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Random Local Flap – Transposition

 Transposition Flaps

The skin adjacent to the defect is moved directly over the defect using combined rotation and advancement movements. The secondary defect is closed side to side.

The rhombic flap is a classical example of a transposition flap. The initial key closure is between DB’. In order to achieve this without tension, this movement must be in the lines and direction of the maximum tissue laxity. Therefore careful pre-operative evaluation of the laxity and relaxed skin tension lines is necessary before planning the design of the flap.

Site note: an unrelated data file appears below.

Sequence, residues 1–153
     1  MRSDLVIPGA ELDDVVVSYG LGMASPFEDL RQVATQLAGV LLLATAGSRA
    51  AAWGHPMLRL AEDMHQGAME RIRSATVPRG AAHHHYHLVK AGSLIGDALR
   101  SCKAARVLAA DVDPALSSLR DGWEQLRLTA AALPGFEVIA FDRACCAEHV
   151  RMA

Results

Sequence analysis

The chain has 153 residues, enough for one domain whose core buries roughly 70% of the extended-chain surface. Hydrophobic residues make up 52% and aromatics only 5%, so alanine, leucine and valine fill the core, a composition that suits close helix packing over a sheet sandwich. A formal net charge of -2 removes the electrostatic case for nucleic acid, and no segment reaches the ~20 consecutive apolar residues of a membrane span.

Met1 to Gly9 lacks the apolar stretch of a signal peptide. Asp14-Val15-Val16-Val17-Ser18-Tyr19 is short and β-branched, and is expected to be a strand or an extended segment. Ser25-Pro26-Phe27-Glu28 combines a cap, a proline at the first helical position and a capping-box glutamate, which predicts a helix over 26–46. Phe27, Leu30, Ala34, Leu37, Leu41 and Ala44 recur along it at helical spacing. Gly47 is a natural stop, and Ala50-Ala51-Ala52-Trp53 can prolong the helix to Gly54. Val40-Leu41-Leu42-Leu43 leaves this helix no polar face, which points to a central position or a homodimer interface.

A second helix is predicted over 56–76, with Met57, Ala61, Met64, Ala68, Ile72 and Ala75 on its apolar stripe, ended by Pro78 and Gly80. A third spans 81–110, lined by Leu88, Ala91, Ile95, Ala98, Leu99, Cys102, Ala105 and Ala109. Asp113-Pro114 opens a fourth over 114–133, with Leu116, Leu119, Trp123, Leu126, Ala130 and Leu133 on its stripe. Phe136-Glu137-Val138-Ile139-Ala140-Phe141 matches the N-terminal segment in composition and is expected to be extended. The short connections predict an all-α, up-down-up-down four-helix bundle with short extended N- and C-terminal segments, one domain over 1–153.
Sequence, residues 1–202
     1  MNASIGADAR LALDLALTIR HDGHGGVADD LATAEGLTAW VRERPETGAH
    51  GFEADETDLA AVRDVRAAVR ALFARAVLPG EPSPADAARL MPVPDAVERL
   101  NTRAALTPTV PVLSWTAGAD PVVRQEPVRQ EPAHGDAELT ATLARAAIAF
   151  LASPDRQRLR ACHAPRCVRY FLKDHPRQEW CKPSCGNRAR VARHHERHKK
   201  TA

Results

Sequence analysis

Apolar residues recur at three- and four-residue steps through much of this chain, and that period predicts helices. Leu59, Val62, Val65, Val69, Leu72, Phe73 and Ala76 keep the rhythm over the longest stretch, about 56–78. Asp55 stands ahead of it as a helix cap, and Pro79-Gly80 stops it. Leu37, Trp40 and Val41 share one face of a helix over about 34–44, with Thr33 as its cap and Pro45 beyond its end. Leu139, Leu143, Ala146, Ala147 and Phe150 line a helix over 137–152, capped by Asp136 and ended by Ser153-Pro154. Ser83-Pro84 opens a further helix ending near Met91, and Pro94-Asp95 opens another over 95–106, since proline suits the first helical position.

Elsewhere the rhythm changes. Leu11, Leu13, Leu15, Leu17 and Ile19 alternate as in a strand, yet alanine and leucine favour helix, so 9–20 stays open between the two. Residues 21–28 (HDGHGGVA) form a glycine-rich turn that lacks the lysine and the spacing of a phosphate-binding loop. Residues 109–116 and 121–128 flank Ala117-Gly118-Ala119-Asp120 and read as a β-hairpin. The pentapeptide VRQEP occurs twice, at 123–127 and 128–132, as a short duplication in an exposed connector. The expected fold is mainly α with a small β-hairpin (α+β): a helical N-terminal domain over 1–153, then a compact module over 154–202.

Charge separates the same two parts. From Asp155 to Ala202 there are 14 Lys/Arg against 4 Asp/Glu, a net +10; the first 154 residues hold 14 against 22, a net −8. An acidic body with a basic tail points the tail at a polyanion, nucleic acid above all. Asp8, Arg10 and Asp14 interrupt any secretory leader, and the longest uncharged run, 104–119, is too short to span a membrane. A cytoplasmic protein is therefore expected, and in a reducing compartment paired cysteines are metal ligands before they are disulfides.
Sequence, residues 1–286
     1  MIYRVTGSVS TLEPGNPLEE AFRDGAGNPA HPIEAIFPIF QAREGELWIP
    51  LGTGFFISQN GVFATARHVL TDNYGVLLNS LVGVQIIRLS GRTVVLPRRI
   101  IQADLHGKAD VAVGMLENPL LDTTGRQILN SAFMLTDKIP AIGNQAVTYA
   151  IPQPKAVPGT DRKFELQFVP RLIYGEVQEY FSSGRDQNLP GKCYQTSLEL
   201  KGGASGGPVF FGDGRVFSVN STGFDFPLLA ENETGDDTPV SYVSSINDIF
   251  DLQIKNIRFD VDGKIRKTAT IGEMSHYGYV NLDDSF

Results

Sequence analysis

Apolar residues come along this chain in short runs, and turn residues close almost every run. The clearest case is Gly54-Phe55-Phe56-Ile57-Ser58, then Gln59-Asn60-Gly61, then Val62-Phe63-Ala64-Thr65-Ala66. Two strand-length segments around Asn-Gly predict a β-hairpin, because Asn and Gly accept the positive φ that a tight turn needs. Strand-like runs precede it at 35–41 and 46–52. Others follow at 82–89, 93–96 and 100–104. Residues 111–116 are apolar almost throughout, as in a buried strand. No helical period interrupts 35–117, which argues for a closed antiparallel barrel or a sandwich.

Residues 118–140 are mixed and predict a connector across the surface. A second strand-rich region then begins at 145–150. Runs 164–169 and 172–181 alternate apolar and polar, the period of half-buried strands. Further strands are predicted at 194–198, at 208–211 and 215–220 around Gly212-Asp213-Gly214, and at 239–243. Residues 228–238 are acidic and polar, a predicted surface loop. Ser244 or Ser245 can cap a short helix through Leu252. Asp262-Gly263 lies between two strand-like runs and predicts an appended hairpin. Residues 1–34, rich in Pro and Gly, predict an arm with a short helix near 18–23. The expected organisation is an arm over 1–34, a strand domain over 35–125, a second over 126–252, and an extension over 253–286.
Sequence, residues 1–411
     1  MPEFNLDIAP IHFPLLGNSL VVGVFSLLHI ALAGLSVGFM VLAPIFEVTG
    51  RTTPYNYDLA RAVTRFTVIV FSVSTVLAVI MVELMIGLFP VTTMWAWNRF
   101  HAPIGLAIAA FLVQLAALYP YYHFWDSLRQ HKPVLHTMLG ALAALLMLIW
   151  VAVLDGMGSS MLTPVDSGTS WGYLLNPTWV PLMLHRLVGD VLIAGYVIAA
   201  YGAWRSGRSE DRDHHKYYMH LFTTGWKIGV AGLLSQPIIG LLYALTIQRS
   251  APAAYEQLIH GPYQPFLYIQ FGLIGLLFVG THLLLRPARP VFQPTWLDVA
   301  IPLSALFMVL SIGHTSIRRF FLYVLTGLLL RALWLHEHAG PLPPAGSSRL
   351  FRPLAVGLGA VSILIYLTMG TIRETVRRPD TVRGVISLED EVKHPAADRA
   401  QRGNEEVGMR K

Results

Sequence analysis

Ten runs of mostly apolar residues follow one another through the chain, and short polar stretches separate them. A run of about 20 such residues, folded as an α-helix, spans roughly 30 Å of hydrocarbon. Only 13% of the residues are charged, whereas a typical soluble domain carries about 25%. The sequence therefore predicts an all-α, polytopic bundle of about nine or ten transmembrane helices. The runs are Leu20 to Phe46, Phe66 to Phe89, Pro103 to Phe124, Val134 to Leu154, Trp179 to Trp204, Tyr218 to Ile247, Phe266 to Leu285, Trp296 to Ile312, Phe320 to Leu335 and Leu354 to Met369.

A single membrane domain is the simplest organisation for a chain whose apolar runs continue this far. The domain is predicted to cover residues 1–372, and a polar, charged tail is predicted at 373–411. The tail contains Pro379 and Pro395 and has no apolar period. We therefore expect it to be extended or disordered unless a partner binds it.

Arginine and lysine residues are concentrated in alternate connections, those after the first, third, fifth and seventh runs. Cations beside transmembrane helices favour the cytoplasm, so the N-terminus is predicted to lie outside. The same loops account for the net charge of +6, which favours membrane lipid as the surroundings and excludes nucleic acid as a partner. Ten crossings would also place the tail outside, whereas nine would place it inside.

The classic rhombic transposition flap is itself a large flap and wastes a lot of normal skin around a circular defect in order to create the rhombus. A modification of the design results in a smaller flap to close a circular defect.